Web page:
A fascinating watch awarded to an individual who worked on the British Bombe during the Second World War has sold at Birmingham auctioneers Fellows.
The gentleman’s Majex watch has back engravings commemorating a man (J.R Bentley) who worked for 21-years at The British Tabulating Machine Company Ltd, dated 7th July 1945. The company was enlisted to help create the Bombe – a machine initially conceived by Alan Turing used to break the Enigma Code. The watch sold for a total of £433.84.
The British Tabulating Machine Company (BTM), formed in 1902, originally operated from London but was called upon to design machines from Letchworth, Hertfordshire throughout the Second World War. These prototypes were created to aide British cryptologists to decipher German Enigma-machine encrypted secret messages. In the early 1950s, the company also designed Britain’s first mass-produced business computer.
The initial design for the Bombe was formulated in 1939, with work carried out throughout the Second World War, whilst J.R Bentley (whose engravings are on the Majex watch) worked for BTM. Harold ‘Doc’ Keen, a prominent figure at BTM, was the British engineer who designed the Bombe which Alan Turing used to crack the Enigma Code. It is likely that J.R Bentley would have worked under Keen; the latter was eventually awarded an OBE for his services. Bentley received the Majex as a leaving gift upon the end of his 21-year tenure at BTM, in 1945.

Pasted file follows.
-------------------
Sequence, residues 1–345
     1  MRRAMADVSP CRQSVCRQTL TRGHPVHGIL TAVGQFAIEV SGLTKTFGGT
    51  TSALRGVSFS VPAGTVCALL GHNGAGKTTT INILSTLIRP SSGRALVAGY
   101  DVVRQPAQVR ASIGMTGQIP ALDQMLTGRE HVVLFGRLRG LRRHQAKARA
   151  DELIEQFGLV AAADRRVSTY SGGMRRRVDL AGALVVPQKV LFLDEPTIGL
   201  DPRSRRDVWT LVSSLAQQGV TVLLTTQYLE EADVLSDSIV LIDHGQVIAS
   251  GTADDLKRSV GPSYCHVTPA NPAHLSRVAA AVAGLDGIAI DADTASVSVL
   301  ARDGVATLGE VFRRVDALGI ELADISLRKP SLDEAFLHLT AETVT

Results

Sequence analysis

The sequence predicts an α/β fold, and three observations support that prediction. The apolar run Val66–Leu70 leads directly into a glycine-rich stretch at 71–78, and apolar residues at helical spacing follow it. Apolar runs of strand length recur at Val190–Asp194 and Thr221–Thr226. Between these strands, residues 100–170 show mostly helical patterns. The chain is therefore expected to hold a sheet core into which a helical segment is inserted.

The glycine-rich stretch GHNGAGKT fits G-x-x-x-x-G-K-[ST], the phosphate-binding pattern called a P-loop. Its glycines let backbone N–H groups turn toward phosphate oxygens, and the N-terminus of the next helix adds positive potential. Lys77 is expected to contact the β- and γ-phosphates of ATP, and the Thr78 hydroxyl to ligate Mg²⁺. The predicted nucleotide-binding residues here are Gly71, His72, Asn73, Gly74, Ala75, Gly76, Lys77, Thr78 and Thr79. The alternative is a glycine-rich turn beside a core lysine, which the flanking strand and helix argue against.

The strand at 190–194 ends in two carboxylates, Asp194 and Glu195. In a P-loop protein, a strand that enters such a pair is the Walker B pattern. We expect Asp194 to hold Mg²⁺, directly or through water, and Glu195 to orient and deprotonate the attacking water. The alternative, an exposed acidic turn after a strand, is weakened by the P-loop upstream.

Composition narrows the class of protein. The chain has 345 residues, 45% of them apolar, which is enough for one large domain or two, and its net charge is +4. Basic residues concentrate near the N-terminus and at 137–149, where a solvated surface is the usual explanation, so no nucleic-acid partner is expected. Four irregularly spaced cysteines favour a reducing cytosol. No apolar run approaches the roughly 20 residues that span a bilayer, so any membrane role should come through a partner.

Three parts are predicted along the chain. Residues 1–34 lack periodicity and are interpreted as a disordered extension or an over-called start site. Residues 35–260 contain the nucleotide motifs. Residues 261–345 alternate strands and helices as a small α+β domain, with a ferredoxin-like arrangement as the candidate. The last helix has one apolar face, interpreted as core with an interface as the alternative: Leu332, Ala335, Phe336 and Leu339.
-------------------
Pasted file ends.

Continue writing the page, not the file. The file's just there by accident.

The seller of the Majex bought the timepiece at an antiques market. The gentleman’s watch has a 9ct yellow gold case which is hallmarked Edinburgh 1944. It features an unsigned manual wind movement, with a black dial and is fitted to an unsigned black leather strap. Measuring 33mm, a gold plated pin buckle is placed on the timepiece.
Natasha Davis, Watch Specialist at Fellows Auctioneers, who consigned the Majex from Fellows’ London office said: “Our Online Watches & Watch Parts auction that took place today was a great success, and we’re thrilled that the gold Majex wristwatch with its British historical significance sold so well. Exceeding its initial estimate of £150-200, it’s fantastic to see niche brands like this one increase in popularity and demand. We can see a real trend in clients investing in these smaller brands, which is incredibly encouraging in our current market.”